No it’s not. It’s more like the American nightmare.

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8 comments Add your comment

pookfester

June 29th, 2010
6:43 am

They never should have let that 875k go in transportation money. Reason. We have cities we could have added that money back into our transportation budget like Macon. We need to be more creative in how we deal with the monies given to us by the Federal Government. Thats for starters.

pookfester

June 29th, 2010
6:49 am

See. If we diversify our State. Not just a city. We are going to make out well. Another words. We do not focus On. As a cooperating group. On just one area. We grow the rest of the state. Quietly of course. This may not seem like such a good deal for some. However. The labor and resources we need are also concentrated in one area. We need this labor and need to lease resources also. Again a more creative approach in how we all do things.

TnGelding

June 29th, 2010
6:55 am

Many of the societal changes would be an improvement. Let’s concentrate on the number of employed, 130+ million, instead of the unemployed. There are plenty of jobs to support our population. True, we must do a better “job” of preparing ourselves if we want to be a part of the labor force. But we have neglected our duties as parents and homemakers for decades and this will force us to reevaluate our true priorities. We need to concentrate on getting at least one person gainfully employed in each household. Those that have properly prepared for retirement need to go ahead and do so.

bankrupt nation

June 29th, 2010
9:39 am

it’s not going to get better anytime soon. i don’t know what the term is when u drop past depression into economic collapse, and there is really nothing to stop it . employed folks better try and save every dollar they can. the u s is slowy bleeding to death by two goofy wars to nowhere, massive borrowing and printing, hopelessly inept politicians, businesses closing at warp speed, and i can keep going, but i think u get the point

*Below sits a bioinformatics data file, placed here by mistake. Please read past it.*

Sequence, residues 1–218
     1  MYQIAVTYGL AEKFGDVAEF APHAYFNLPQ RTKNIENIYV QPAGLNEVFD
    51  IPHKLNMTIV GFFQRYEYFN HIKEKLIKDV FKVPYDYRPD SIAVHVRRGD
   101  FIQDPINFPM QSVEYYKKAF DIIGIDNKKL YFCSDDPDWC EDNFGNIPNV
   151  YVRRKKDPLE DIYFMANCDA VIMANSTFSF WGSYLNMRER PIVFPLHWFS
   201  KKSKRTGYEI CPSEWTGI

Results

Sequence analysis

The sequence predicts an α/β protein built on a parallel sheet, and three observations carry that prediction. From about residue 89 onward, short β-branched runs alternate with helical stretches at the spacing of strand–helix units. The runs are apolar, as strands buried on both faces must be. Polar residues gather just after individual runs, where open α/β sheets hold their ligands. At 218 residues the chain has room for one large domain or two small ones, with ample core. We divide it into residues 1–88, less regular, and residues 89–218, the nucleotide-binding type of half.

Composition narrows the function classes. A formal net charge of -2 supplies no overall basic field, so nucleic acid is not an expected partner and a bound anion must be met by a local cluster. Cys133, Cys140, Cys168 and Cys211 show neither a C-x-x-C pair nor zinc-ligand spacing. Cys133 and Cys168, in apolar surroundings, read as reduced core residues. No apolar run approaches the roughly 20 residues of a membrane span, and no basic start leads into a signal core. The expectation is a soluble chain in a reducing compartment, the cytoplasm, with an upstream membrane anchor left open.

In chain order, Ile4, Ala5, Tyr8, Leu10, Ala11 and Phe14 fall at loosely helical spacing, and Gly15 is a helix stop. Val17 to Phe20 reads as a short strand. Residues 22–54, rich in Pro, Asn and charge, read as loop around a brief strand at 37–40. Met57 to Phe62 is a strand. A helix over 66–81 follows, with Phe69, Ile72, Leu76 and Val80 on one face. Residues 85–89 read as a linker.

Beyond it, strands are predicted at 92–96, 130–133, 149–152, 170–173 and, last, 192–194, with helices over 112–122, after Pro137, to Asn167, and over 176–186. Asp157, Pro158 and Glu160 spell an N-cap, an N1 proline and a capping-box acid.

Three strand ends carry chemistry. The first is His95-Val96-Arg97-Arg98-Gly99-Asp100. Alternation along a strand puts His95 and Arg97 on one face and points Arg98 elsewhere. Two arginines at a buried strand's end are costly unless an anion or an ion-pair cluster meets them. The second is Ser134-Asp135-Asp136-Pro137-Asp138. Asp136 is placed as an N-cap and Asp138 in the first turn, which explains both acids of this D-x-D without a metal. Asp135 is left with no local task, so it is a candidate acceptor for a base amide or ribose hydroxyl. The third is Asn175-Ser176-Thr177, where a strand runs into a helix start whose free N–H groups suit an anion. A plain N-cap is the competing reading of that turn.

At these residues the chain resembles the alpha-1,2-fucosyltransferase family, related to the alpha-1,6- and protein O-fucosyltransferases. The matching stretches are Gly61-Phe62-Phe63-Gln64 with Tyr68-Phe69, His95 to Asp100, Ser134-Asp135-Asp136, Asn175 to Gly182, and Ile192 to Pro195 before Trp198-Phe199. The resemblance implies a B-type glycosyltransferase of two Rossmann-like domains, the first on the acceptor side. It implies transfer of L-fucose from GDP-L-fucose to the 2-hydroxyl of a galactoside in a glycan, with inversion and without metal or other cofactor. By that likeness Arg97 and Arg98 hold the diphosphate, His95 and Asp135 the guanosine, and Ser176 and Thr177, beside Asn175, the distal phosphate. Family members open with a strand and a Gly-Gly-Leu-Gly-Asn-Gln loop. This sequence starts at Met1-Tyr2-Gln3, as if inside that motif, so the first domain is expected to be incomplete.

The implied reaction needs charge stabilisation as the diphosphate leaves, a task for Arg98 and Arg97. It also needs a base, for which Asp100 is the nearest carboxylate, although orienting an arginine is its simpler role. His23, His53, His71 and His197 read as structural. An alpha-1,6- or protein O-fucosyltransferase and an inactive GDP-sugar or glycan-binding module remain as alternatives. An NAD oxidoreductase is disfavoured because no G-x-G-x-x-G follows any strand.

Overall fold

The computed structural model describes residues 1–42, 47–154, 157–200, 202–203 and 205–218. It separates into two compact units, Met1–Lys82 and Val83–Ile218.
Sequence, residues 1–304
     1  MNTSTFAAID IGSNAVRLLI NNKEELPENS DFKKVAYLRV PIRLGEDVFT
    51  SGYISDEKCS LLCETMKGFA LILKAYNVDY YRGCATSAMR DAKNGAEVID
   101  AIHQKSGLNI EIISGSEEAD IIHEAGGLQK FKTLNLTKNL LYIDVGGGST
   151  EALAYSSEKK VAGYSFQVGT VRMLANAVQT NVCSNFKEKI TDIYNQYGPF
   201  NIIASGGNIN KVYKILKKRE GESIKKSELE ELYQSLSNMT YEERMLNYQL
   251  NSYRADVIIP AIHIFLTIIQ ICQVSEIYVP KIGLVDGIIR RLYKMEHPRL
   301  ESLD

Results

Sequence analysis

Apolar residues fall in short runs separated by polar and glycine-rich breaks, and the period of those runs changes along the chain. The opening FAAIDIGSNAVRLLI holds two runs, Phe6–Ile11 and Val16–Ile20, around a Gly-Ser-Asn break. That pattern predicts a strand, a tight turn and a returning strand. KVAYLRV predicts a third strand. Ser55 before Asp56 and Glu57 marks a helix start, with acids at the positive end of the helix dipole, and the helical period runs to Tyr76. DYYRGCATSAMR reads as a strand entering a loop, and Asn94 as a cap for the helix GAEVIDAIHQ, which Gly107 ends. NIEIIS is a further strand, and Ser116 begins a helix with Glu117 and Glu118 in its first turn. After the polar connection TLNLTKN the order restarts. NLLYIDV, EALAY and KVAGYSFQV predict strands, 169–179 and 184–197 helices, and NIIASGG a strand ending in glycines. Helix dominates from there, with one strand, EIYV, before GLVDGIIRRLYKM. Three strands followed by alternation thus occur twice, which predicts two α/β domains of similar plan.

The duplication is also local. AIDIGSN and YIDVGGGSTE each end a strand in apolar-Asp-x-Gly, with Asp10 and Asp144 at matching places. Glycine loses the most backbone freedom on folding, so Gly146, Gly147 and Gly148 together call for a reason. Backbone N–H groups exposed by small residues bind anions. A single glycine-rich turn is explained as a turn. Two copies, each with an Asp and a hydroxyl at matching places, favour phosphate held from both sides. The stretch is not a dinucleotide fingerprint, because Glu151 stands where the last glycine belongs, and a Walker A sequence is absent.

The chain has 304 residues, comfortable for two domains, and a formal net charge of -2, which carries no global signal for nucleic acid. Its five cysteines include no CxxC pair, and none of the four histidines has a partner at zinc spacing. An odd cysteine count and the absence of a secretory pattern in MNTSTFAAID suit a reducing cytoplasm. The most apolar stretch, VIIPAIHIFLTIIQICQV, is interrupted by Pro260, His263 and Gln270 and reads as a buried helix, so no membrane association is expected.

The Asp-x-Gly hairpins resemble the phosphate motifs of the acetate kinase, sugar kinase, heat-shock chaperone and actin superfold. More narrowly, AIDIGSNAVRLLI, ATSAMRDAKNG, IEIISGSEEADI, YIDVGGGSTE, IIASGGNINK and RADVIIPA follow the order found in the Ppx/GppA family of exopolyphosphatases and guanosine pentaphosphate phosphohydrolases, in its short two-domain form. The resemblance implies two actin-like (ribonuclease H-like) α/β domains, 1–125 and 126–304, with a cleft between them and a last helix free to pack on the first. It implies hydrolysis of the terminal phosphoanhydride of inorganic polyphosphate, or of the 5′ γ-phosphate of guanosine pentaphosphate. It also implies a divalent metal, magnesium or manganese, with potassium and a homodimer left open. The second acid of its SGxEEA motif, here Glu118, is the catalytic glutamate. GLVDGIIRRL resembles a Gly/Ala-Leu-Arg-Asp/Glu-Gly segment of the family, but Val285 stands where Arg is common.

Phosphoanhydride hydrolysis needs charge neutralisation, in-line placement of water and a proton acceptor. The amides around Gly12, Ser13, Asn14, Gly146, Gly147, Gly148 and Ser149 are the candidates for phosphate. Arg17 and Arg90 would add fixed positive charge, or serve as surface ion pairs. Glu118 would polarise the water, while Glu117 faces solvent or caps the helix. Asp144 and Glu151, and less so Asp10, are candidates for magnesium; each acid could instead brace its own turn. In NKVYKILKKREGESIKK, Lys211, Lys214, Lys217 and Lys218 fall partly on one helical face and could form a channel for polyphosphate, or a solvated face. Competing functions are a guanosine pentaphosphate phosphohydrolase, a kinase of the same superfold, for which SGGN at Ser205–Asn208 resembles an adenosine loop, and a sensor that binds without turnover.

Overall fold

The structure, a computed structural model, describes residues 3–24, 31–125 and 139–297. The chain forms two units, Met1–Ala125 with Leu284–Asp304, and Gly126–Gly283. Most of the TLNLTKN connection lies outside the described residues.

Ira

June 29th, 2010
11:06 am

BANKRUPT NATION: DITTO!
POOKFESTER: WHAT?
ONE POINT tHERE R MANY JOBS BUT ONLY IF WE START DEPORTING….i NEED A JOB. i WAS BORN HERE!!!!!!!!!!!!!!!! deport deport deport Americans need work and we will do anything! Yes we will. We built this country! DEPORT!!!!!!!!!

TnGelding

June 29th, 2010
3:13 pm

How many “unofficial ” jobs are there? How many people do you know that has one? Do you have one? Should we become a nation of informants?

Boycott BP

June 29th, 2010
7:21 pm

Increase tariffs on imports so that it makes economic sense to produce goods in our country again. Asian imports have taken the apparel industry including home textiles, and costume jewelry. Those goods used to be manufactured in the South and the North and are now obsolete industries here.

Stephen

June 29th, 2010
11:43 pm

How many of you are considering leaving the state to find your next job?

Leaving with relocation package being provided?